Same problem on Flip or Flop!
this looks amazing. i love it. but, is it so little counter space? that ikea island in the original did look awful but i’m wondering where this family does all of their prep?
I was wondering the same thing! It may just be the pictures and not being able to see it in person, but I can’t seem to pinpoint where you would do food prep. If it’s near the sink, they you have to carry everything over to the stove/oven. I just can’t quite grasp the layout.
I love the tile focal point for the range. And a pot filler! Personally I would’ve wanted the fridge closer to the range, and a full set of cabinets close to the dishwasher (for putting all of the dishes in) but maybe that wasn’t possible in this case.
I do have a question, in the set of upper cabinets there’s the three on the left (because pre-fab, I get that) but why is the furthest right oriented with the handle on the left instead of the handle on the right? In the current set up it’s going to block it’s neighbor (the corner cabinet) when opening. Plus, it seems more asthetically appealing to have three groups of handles together instead of two groups and two singles.
LOVE how the accent tile was only placed above the oven. Gives the space that fun pop of character while the rest stays calm and simple! Perfect example of how less is more!
The floral citrus fruit bowl that you couldn’t find – I’m not totally sure (too far away) but it looks like it might be Boleslawiec (Polish pottery).
This is so lovely! Any chance you have a source for the small tray that sits behind the sink, holding the dish soap and hand lotion? I have a space like that behind my sink, and it turns out finding a tray that’s narrow enough to fit there is super hard. I’ve searched and searched!
Home-freaking-run, Ginny!!! This is such a stunning kitchen and what a beautiful space to bring a new baby home to. So happy for this family!
How long did this take ?
Wait … did you say the homeowners didn’t like that little peach painting? Other than the gorgeous cement tile backing the stove, that piece made the kitchen (in my humble opinion). Can’t believe you didn’t keep it!!
When I opened your page today, I have this huge video ad for budreaux’s butt paste. It is taking up half the screen and I cannot seem to make it go away. It pops up every time I open your page. It’s also really annoying. What do I need to do to make it go away? There is no x to remove it. I’m all for ads and making $$$ but this is horrible. Is anyone else seeing this?
OH dear. I’ll try to fix that asap. That sounds TERRIBLY annoying. Sorry!!
Love how fresh this kitchen is. Makes me wanna learn to cook!
I love your blog, but PLEASE get rid of the pop up ad on your front page. It pops up to the top of the screen if you scroll below the link to the first blog post, where you get to the sponsored content. It plays music that wouldn’t stop, even when I hit the volume symbol on the video. I also couldn’t figure out how to get rid of it. And it was for something actually called Butt Paste.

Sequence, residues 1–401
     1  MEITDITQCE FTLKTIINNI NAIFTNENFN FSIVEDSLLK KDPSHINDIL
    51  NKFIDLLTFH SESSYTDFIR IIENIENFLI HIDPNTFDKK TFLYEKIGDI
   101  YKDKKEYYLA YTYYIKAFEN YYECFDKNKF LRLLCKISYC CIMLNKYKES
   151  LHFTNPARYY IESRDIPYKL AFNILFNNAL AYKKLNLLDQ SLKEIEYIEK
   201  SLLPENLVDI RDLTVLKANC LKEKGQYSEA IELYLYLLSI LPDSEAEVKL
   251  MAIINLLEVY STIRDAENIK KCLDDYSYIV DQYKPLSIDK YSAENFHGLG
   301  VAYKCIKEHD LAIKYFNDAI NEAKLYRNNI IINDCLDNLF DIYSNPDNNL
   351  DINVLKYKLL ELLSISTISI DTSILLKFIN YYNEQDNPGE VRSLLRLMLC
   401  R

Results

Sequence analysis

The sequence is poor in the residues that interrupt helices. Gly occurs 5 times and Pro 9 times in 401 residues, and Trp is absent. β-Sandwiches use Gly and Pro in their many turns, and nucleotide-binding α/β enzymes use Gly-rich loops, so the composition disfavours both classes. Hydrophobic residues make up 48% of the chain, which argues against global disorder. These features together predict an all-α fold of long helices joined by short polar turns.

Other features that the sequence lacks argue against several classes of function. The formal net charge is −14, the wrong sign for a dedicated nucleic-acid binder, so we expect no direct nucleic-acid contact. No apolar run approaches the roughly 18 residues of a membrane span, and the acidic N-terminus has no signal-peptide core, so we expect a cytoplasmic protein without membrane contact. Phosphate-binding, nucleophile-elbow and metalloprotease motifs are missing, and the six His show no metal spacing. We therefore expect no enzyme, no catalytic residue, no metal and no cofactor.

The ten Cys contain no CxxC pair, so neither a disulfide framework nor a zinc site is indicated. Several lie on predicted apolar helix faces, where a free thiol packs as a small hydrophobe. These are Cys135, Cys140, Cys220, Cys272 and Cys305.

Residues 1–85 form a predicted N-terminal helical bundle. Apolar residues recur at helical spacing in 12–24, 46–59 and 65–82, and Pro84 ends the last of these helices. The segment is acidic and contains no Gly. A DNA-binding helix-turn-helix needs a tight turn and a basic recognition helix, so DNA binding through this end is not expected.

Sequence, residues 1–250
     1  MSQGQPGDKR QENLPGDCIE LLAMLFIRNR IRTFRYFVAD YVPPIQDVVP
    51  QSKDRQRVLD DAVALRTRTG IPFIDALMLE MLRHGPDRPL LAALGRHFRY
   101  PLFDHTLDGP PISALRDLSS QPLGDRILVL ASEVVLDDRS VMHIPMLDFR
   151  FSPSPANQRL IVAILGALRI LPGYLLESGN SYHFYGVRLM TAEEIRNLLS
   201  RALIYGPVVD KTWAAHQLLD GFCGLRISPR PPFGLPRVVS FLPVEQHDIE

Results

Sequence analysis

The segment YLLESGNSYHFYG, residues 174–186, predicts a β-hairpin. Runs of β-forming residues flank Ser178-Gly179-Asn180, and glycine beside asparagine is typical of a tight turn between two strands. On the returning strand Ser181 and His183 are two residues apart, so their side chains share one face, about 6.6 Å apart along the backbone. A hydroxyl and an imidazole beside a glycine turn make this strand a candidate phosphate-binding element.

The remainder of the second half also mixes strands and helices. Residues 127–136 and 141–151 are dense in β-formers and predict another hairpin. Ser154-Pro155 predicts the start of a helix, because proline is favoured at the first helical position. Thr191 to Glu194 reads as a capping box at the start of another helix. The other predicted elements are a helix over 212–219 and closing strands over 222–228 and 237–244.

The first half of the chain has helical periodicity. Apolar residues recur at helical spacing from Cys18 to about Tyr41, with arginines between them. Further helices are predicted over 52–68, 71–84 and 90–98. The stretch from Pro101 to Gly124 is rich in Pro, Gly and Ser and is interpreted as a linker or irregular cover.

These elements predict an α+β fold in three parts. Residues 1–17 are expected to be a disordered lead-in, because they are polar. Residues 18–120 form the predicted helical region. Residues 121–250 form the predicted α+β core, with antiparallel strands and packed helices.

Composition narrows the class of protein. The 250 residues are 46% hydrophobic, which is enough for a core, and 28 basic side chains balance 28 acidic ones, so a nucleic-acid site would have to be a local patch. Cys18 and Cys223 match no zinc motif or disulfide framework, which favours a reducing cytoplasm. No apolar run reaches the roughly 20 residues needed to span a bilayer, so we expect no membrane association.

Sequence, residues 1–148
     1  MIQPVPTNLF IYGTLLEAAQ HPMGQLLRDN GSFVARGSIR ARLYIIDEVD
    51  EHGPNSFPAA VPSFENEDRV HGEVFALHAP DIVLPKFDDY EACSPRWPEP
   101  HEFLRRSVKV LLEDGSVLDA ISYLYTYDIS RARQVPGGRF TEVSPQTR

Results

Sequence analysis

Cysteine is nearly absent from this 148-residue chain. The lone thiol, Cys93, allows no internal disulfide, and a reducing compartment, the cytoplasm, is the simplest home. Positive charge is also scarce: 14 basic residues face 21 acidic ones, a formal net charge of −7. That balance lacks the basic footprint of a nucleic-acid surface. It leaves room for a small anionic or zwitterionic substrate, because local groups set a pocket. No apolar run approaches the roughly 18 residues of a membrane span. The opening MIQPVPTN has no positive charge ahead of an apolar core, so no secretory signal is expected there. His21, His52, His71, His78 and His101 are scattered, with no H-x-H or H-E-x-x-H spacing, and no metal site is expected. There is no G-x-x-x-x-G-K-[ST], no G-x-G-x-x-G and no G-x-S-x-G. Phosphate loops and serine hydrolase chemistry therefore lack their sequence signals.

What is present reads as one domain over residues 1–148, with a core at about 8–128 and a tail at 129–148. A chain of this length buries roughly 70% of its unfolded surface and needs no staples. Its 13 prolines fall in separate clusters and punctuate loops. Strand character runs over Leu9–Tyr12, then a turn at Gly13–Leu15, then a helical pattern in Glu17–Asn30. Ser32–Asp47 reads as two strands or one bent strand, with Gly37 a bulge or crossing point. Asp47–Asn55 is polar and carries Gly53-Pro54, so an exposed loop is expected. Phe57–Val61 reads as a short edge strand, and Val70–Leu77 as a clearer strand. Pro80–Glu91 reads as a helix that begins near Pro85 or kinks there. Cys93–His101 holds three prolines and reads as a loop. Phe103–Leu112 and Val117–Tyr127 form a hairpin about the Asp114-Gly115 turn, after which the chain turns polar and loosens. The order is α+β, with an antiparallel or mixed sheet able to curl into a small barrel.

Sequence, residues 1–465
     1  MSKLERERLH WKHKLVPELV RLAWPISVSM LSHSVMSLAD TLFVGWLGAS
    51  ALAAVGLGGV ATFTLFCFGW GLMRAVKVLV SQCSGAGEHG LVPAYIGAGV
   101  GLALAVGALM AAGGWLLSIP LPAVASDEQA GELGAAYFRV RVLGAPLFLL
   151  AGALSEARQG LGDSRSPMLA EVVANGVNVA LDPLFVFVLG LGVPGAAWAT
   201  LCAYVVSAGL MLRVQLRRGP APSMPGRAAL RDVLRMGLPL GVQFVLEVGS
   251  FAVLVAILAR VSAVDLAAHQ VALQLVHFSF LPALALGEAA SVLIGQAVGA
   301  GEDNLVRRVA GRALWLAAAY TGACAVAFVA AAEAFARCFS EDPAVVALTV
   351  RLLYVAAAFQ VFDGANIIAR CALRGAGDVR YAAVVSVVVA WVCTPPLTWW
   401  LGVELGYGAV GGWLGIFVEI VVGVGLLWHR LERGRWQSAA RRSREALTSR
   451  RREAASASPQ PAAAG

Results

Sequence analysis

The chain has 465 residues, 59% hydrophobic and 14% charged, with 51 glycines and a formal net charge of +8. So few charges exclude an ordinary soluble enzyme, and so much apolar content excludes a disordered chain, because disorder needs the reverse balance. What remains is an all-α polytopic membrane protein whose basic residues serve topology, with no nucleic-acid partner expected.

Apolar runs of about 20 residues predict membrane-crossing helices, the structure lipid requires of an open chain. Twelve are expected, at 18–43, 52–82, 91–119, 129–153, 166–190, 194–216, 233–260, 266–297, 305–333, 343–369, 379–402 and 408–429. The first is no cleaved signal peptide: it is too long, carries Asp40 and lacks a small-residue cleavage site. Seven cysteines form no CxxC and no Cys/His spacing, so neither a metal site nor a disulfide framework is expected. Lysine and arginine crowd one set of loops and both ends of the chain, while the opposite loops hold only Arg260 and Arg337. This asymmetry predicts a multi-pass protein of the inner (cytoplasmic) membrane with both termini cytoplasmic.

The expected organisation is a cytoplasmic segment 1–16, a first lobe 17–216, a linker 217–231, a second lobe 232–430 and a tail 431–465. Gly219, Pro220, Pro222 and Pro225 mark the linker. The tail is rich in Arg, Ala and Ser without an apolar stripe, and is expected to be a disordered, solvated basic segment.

I love the tile pattern! It’s gorgeous!
so best for your desain
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I adore everything about this kitchen. Big AND BEAUTIFUL Reveal should have been the title of this post.
Beautiful kitchen! Love the overall look and the orange details that warm up the blue, white and gray palette. The adjoining rug in the dining room was calling to me. Do you have any information on that?
This is a very familiar style to me. I’m from Santa Barbara where it seems we try to incorporate blues into nearly everything thing we do. Have you been here before?
I actually had a question about the layout. The fridge seems so far from the stove. Almost like it’s on the other side of the room. And where do you do the food prep? It’s a beautiful looking kitchen but I am confused about the the layout.
Great tips, Thanks! Love it all.
A technical question if you don’t mind… what program do you use to create your animated videos, like this kitchen styling one?
these beautiful pictures made the kitchen look bigger than it is..I’m curious, there is no island?? As this kitchen seems to be on the small side for U.S. kitchens?? :O
This kitchen is gorgeous! Thanks for the genius styling tips! By the way, if you’re looking for some great art, you need to check out Leslie Duke. She’s a local artist here, and I think you’ll really love her style: http://lesliedukeart.com/
This is gorgeous! The backsplash and blue wall color go great together! I work for a company named Kukun, and we have some tools to which can make the home renovation process easier for homeowners. For example, you can estimate your costs, return of investment, and get reminders (for example, when something needs to be order or should be delivered soon). It’s all free, and we would really love to hear what you think. Check it out at http://www.mykukun.com
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I want a white farmhouse sink, but I have a white sink now and it is constantly getting stained. It is an old sink, so I don’t know if when I go to remodel the kitchen, if I get a farmhouse white sink it will still stain. Any ideas or work arounds besides scrubbing my kitchen sink daily?